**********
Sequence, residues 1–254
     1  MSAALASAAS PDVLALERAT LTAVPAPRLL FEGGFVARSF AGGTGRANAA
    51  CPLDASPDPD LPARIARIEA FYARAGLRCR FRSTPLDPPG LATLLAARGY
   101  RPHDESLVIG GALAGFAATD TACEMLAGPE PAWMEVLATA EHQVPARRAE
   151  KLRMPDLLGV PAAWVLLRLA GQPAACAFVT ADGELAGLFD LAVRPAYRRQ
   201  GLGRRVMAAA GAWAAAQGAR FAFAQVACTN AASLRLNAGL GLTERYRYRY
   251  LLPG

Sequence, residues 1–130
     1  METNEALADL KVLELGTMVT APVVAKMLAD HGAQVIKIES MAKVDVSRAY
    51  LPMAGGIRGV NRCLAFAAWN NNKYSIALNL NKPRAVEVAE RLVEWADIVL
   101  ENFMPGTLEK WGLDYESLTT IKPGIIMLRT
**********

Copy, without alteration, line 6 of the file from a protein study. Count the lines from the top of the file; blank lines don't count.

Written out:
   201  GLGRRVMAAA GAWAAAQGAR FAFAQVACTN AASLRLNAGL GLTERYRYRY